WHEN THE ITALIANS arrived at Tripoli in 1911, many foreign workers left behind a country and life they adored so much. The white streets of Libya’s capital echoed with Arabic, Hebrew, Modern Greek, Turkish, Maltese and French. It was a melting pot, attracting folk who had no particular correspondence to each other. Cultures lived side by side, but Libyan traditions remained prominent and were respected by all.
At the time of writing, Mabel Loomis Todd claims there were only 12 English native speakers who permanently lived in the city. This was pre World War I, and the same year the Titanic left Southampton. As claimed in the book’s introduction, Tripoli provided endless possibilities for visitors and inhabitants alike. In a tone of disappointment, Todd writes: “In spite of months of residence there and constant eagerness for all its enchanting phases, I bring only an incomplete picture of the extraordinary region as I saw it, though drawn with a loving and appreciative hand.”
She lived in Libya twice to observe eclipses from the British Consulate, and takes us on an extraordinary journey into the history of music, art, food, life and politics within the walls of the city and beyond the rooftops. The 1900 & 1905 eclipses are landmarks in her Oriental experience. Under these twenty seconds of darkness, religion, culture and ethnicity disappeared along with the sun. The sound of applause erupted across Tripoli. Being confronted with the greatness of our mechanical universe is always a humbling experience. It should allow us to see that we are all equal under the sun as well as in darkness.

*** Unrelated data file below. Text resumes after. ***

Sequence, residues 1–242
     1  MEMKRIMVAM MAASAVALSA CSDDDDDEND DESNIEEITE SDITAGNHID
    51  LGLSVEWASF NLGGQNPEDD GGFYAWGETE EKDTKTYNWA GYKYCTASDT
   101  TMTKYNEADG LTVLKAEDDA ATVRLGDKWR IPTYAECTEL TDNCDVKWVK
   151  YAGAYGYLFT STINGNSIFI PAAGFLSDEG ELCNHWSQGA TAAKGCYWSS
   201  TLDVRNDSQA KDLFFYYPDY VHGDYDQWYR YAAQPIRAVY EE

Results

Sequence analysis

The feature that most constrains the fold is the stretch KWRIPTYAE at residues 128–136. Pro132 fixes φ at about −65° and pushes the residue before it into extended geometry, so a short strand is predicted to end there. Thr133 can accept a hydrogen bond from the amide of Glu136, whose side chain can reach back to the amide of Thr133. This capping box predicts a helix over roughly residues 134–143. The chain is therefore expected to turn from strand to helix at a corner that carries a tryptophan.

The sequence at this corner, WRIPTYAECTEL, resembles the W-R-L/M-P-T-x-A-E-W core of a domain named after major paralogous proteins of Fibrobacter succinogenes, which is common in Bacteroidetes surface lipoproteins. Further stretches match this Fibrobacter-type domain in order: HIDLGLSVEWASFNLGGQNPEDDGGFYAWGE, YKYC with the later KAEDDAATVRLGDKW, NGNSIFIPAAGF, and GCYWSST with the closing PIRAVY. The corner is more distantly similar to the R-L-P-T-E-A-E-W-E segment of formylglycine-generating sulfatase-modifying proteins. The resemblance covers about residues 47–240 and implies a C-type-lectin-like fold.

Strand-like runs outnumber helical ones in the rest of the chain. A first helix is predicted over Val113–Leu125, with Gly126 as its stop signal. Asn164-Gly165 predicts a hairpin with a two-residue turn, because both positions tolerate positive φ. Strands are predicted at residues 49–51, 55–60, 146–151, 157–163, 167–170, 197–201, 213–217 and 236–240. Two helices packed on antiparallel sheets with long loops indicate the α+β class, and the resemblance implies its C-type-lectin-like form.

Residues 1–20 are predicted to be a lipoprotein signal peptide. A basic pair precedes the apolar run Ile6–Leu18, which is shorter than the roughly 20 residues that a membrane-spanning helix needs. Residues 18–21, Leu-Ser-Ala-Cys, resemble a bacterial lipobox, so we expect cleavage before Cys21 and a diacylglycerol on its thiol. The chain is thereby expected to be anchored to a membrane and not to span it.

Todd explains the difficulties of organising astronomy equipment in a world where Muslims – or Mohammedans – don’t work on Friday, the Jewish Sabbath is on Saturday, and Westerners are not keen on breaking Sunday as a day of rest. Fascinating descriptions of differing Arab religious wedding ceremonies are also allocated chapters, explaining intricacies, similarities and differences. Perhaps the most astonishing thing is the harmony that existed between different cultures and religions. This isn’t to say Tripoli 100 years ago was a utopia without difficulties, but a comparison with its contemporary raises allsorts of awareness. The image of Phoenician Monks, Rabbis, Imams, Nuns and Priests strolling the same streets can teach us something about acceptance and tolerance.
Tripoli the Mysterious contrasts the chaotic, pleasant life in the city with the subtle ambience that entrenched the shadows of 1900’s Tripoli. This book should also be acknowledged for documenting a brief and informative history of the city – from the birth of Emperor Lucius Septimius Severus at Leptis Magna in 146 AD, up to the Ottoman Pashas who ruled Tripoli until the Italian invasion.
When reading books on a Libya that once was, it is important not to dwell on the current political instability of the country. What one must do is be reminded of the greatness that existed during certain times, and hold on to the potential Libya holds to be a great nation, welcoming foreigners and providing prosperity for residents alike.
“Whatever it may have been, Tripoli was a city of enchantment, white as dreams of Paradise, fringed by palms and olives, and steeped in memories of the centuries.”